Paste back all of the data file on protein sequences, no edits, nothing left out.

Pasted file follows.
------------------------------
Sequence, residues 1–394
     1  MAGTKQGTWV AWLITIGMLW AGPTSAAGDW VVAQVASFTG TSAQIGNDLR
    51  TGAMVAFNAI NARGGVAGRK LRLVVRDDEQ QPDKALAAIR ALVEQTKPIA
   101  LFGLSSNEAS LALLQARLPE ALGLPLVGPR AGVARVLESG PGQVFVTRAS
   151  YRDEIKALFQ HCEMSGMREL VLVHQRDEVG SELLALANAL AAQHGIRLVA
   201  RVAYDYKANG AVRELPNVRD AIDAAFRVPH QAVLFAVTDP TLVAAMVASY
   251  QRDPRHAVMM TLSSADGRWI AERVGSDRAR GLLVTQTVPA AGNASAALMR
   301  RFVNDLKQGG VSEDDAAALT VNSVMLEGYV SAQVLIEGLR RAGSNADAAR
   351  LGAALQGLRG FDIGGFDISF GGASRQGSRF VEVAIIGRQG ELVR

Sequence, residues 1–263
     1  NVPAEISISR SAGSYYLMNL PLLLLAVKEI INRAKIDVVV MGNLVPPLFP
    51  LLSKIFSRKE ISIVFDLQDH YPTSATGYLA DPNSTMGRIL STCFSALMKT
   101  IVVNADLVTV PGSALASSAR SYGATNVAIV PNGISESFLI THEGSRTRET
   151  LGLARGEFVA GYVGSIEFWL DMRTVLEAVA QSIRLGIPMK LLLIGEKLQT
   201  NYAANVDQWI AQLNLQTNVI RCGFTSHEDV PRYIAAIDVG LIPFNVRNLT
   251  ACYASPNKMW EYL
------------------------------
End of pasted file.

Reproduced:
Sequence, residues 1–394
     1  MAGTKQGTWV AWLITIGMLW AGPTSAAGDW VVAQVASFTG TSAQIGNDLR
    51  TGAMVAFNAI NARGGVAGRK LRLVVRDDEQ QPDKALAAIR ALVEQTKPIA
   101  LFGLSSNEAS LALLQARLPE ALGLPLVGPR AGVARVLESG PGQVFVTRAS
   151  YRDEIKALFQ HCEMSGMREL VLVHQRDEVG SELLALANAL AAQHGIRLVA
   201  RVAYDYKANG AVRELPNVRD AIDAAFRVPH QAVLFAVTDP TLVAAMVASY
   251  QRDPRHAVMM TLSSADGRWI AERVGSDRAR GLLVTQTVPA AGNASAALMR
   301  RFVNDLKQGG VSEDDAAALT VNSVMLEGYV SAQVLIEGLR RAGSNADAAR
   351  LGAALQGLRG FDIGGFDISF GGASRQGSRF VEVAIIGRQG ELVR

Sequence, residues 1–263
     1  NVPAEISISR SAGSYYLMNL PLLLLAVKEI INRAKIDVVV MGNLVPPLFP
    51  LLSKIFSRKE ISIVFDLQDH YPTSATGYLA DPNSTMGRIL STCFSALMKT
   101  IVVNADLVTV PGSALASSAR SYGATNVAIV PNGISESFLI THEGSRTRET
   151  LGLARGEFVA GYVGSIEFWL DMRTVLEAVA QSIRLGIPMK LLLIGEKLQT
   201  NYAANVDQWI AQLNLQTNVI RCGFTSHEDV PRYIAAIDVG LIPFNVRNLT
   251  ACYASPNKMW EYL